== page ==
But there's a whole lot of love questioning/concerns/general derpiness from America (which is still half an atrocious name I believe because it's also the name of a country but that country doesn't really exist anymore and @_@ NAME!).

Moving on.

Now, an amazon summary for The Elite, "Kiera Cass’s The Elite is a must-read for fans of dystopian fiction, fairy tales, and reality TV. This sequel to The Selection will enchant teens who love Divergent and The Bachelor.
 In America Singer’s world, a bride is chosen for the prince through an elaborate televised competition. In the second book of the Selection series, America is one of only six girls left in the running. But is it Prince Maxon—and life as the queen—she wants? Or is it Aspen, her first love? The Elite delivers the adventure, glamour, political intrigue, and romance readers of The Selection expect, and continues the love triangle that captivated them." AMAZON LINK OF BARELY A SUMMARY it was next to impossible to ignore the love triangle in this book. America is basically still in the competition because the Prince is in love with her, but she doesn't know if she loves him back completely. Aspen is still confusing her and trying to be like, "I was a fool, come back to me" and America goes all, "Aspen will always be there for me," but forgets that he was the one who dumps her in the first place most of the time.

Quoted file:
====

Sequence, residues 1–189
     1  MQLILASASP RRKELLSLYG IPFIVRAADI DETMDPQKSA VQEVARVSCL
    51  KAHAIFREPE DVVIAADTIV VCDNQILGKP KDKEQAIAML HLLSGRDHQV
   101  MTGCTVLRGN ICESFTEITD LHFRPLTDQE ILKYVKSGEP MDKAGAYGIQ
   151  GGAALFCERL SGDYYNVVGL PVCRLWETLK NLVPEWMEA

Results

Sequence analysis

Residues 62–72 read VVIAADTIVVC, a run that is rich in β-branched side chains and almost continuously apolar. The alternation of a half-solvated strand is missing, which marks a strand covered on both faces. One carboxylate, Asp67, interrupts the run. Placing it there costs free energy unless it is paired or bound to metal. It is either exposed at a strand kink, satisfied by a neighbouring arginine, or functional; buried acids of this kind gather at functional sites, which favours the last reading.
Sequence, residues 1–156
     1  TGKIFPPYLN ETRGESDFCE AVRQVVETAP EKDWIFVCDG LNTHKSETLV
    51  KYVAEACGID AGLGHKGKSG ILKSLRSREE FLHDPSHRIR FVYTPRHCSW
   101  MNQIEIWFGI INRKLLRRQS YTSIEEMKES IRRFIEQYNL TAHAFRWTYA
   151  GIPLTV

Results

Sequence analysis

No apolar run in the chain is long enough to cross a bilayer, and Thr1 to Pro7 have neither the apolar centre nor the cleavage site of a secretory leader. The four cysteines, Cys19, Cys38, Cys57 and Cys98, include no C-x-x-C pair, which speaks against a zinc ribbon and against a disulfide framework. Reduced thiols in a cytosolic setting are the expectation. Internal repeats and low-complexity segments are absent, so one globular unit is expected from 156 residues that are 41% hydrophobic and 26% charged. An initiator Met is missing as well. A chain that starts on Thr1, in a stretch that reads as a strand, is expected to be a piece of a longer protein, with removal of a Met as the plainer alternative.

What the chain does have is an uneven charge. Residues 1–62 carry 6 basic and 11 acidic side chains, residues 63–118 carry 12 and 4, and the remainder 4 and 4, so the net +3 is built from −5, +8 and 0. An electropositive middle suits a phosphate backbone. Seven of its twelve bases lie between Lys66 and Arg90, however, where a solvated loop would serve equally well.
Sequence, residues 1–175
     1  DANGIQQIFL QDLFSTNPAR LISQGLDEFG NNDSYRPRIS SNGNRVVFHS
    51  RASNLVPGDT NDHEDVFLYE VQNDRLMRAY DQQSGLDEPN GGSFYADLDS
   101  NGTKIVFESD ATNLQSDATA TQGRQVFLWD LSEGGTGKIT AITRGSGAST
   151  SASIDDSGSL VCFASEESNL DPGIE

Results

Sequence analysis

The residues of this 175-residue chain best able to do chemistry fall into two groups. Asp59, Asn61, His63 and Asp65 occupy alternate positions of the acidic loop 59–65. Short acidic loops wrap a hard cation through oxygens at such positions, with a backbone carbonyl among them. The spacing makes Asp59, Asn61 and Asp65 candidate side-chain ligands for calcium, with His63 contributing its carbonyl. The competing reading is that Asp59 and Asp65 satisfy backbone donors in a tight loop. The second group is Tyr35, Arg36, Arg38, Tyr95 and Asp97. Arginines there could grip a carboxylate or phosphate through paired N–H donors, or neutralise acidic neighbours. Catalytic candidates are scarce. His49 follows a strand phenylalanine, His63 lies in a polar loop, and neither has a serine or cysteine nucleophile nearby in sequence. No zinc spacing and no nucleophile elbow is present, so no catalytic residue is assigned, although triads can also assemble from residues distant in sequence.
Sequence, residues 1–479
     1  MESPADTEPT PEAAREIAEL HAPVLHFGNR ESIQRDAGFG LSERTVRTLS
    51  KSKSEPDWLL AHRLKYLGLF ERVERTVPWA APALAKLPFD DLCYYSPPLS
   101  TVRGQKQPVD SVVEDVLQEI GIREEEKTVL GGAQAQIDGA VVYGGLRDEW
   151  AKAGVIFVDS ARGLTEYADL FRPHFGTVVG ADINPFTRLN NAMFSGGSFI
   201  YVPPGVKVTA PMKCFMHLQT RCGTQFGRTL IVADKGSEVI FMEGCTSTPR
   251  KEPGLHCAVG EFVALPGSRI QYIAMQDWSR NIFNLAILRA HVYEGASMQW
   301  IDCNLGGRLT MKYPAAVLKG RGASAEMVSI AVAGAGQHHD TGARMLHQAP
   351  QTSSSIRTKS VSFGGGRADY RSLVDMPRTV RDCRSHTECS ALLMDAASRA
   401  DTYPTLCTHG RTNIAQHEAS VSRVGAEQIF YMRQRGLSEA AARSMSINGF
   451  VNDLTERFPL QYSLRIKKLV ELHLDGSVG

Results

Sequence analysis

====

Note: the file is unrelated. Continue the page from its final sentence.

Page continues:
I'm going to ignore the love stuff anyways and talk about the political shenanigans in this book.

I'll give warning before I delve into spoiler land.

So the book begins with America learning more about the Prince and her family being invited to the castle for the Prince (whose name is Maxon by the way; it seems silly so I keep calling him Prince) to meet. America is thrilled and there are more competitions.

Where it took a turn for the worst/interesting is when America wakes one morning and is put into a black dress. The maids will not tell her anything that is going on and she is escorted to where her other competitors should be...except they are short one.